Charlie’s the new kid in the class and boy, does he stand out. It’s not that he’s funky lookin’ with a crooked smile or poofy hair. Nah. He looks pretty normal. It’s just that he’s new, and we never had a new kid before. I live in a small town, ya see, one that you can’t even find on the maps. Try, I dare you! Look up “Daisyville, Tennessee” and nothin’ will pop up. So when you go through middle school knowing who ya cheat off of, who ya avoid, and who ya befriend, and then some new kid shows up with only a month of 8th grade left, what are ya supposed to think of him? And he don’t talk like us either. He talks all fancy cuz he’s from Connecticut. He just sits in the back of the classroom reading all these books with real small print so we don’t talk to him and he don’t try to talk to us. But today was different. Cuz while Mr. Smith was writing some dumb Shakespeare lines on the chalkboard and blabbin’ his mouth about comparing a chick to a summa’s day, Charlie stood up and threw the sharpest paper airplane at his head. Hit him right smack dead on his bald spot. And I’ll tell ya, Charlie wasn’t the new kid anymore. He was a god.
My Grandpa Eugene was the greatest paper airplane maker in the world. He traveled to London, China, and even Australia showing people how to master the art of paper airplanes. He was going to teach me how to make a folded piece of freedom this Tuesday. Grandpa Eugene was going to fly down to our new house from Japan, but not all planes are as sturdy as his paper airplanes. The principal called me down; the sound of “ooooos” from my classmates followed me as the secretary brought me into his office. I should’ve known something was wrong when he called me “son” and offered me a piece of caramel. The principal said I could go home early if I wanted to, but what would I do back at the house? I would just end up sitting in front of the glass cabinet that held some of Grandpa’s greatest work, and think about how we would never need to expand the showcase; that those are all the paper airplanes Grandpa Eugene would ever make. I walked back into English class and Mr. Smith was teaching us Sonnet 18, but I learned that last year. So instead of listening, I folded last night’s homework, mimicking Grandpa’s motions. There is a certain feeling that takes over your body when you are finally able to fly the perfect paper airplane. I don’t know if I could even explain it in words; Grandpa Eugene probably could. You feel it in your fingertips and surprisingly also in your left big toe. I released it and wow. I was aiming for the trash but hey, I’ll have time to work on my craft during detention.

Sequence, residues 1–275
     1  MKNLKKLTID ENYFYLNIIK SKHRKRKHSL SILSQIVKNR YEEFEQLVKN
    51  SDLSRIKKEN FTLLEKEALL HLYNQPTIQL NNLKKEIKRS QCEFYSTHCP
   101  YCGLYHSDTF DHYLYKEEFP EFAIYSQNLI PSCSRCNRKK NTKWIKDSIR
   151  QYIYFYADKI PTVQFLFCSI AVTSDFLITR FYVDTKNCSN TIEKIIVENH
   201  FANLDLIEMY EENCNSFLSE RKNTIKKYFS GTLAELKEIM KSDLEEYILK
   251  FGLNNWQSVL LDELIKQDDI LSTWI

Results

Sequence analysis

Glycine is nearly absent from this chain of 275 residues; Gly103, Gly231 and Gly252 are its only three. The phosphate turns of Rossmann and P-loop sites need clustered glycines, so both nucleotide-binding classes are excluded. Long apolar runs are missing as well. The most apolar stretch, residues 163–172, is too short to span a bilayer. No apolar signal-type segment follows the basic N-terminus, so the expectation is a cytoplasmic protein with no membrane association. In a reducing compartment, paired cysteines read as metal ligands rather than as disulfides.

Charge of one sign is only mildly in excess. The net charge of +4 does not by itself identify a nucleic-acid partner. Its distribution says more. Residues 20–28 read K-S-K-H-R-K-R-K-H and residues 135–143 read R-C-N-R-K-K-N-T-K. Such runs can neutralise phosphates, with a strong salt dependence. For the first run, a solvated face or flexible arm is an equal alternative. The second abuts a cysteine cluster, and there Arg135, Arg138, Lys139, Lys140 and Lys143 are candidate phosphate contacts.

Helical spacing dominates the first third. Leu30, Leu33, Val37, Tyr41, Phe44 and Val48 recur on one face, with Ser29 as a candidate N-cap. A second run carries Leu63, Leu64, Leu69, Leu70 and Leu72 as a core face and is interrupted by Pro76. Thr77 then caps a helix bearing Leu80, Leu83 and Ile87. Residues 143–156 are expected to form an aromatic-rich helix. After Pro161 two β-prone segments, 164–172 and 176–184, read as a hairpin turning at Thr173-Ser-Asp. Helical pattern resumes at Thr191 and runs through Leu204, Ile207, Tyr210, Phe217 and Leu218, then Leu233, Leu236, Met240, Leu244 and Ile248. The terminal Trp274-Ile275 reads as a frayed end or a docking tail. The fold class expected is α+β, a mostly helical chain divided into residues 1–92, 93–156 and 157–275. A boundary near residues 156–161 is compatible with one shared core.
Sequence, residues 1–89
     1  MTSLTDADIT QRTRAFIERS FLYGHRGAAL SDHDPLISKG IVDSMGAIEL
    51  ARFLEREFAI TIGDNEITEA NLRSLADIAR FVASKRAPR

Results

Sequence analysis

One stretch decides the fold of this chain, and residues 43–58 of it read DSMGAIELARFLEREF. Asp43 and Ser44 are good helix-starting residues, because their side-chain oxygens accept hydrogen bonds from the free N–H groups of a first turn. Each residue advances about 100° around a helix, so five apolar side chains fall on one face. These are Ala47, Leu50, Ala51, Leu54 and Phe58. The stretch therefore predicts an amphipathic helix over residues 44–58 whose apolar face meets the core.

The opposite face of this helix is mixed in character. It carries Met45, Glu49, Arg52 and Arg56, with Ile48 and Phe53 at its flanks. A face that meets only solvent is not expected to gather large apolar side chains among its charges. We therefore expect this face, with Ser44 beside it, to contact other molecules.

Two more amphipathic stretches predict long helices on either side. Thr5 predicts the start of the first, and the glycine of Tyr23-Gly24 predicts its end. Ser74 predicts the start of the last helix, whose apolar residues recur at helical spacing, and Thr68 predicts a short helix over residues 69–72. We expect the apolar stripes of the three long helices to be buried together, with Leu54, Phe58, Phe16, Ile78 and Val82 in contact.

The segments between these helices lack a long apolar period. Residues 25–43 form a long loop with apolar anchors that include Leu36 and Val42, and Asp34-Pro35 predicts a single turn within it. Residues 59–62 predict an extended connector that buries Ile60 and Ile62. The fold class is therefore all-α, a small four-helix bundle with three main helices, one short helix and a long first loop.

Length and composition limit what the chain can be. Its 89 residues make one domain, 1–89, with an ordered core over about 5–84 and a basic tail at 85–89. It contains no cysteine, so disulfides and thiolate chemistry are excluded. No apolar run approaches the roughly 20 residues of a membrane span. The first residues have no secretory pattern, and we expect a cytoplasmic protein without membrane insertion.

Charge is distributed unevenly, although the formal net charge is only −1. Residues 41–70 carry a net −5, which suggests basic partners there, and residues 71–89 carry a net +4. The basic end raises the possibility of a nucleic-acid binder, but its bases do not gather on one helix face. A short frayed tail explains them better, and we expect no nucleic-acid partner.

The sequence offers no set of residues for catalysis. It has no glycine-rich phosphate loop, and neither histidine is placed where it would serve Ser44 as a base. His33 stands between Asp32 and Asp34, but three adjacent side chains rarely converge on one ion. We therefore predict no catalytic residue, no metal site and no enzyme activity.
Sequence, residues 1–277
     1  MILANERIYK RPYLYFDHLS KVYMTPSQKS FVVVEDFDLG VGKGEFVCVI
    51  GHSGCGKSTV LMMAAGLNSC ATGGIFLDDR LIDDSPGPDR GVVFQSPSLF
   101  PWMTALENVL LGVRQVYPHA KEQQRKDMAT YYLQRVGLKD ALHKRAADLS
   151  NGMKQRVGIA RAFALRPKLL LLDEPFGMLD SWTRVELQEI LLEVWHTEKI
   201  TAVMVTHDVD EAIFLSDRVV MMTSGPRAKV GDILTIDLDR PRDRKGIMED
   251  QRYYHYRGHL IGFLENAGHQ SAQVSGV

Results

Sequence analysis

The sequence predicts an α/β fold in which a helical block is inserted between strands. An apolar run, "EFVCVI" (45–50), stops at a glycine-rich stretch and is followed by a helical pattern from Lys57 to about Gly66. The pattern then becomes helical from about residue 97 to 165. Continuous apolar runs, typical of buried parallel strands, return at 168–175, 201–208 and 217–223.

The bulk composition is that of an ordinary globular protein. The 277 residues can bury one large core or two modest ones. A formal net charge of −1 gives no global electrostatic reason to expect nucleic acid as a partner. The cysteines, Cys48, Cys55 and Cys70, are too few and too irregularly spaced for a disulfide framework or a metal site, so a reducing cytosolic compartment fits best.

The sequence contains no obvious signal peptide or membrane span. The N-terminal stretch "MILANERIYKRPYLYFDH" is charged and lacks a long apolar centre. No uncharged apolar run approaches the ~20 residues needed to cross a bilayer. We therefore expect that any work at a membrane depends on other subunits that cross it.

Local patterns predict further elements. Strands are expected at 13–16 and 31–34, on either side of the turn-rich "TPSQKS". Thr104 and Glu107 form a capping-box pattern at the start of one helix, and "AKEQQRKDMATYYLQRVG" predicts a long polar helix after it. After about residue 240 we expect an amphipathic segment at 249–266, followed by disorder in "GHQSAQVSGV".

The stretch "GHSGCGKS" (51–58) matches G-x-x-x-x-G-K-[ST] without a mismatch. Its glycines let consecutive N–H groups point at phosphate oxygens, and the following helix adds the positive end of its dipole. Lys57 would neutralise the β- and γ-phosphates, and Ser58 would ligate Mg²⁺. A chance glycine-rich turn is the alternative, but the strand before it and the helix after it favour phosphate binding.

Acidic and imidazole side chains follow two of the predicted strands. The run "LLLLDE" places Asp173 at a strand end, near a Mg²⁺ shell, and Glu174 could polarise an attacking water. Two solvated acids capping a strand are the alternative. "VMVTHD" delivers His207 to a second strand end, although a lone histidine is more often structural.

Nobody thought a tree could fly, but look at me go. I’m soaring.
Livvy Krakower is a high school senior from New Jersey. She has been previously published in Jewish Women of Words, The Writers Circle Journal, and others.